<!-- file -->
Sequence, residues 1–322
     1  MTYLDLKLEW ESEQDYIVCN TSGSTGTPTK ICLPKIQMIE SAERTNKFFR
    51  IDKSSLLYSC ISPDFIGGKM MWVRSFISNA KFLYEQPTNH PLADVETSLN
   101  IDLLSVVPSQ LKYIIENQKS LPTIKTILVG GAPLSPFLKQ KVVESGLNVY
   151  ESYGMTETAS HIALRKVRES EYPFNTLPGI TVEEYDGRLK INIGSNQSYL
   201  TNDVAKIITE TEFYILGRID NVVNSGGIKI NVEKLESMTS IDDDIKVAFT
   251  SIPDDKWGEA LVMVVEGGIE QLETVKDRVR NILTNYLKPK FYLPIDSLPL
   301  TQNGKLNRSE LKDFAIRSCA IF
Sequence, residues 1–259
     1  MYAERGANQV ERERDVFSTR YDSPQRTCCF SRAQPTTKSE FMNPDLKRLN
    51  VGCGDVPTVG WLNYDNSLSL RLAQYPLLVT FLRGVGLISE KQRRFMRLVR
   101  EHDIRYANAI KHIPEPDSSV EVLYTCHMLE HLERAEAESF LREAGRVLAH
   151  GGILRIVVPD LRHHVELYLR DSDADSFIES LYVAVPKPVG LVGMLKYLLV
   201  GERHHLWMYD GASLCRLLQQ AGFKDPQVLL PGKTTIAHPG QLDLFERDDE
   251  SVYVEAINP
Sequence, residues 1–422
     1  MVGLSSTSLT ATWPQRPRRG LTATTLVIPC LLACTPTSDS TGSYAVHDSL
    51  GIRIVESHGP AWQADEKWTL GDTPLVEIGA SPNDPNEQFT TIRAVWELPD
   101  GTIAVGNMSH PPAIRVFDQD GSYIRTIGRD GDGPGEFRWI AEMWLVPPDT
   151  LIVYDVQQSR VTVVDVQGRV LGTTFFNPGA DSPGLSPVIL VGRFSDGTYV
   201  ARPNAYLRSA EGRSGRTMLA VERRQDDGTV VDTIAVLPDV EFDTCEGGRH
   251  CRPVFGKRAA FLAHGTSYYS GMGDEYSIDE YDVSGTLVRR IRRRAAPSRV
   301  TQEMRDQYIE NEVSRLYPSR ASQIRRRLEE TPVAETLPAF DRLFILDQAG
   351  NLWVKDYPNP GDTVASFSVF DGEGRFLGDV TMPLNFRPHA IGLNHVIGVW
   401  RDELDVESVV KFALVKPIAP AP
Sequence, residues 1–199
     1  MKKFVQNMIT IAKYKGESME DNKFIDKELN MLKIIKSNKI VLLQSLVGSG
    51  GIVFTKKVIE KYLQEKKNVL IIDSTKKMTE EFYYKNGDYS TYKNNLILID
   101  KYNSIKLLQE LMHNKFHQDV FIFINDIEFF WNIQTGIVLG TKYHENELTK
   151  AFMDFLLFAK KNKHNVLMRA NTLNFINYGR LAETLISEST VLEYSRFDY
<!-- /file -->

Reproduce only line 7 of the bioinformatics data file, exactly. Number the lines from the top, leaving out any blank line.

   251  SIPDDKWGEA LVMVVEGGIE QLETVKDRVR NILTNYLKPK FYLPIDSLPL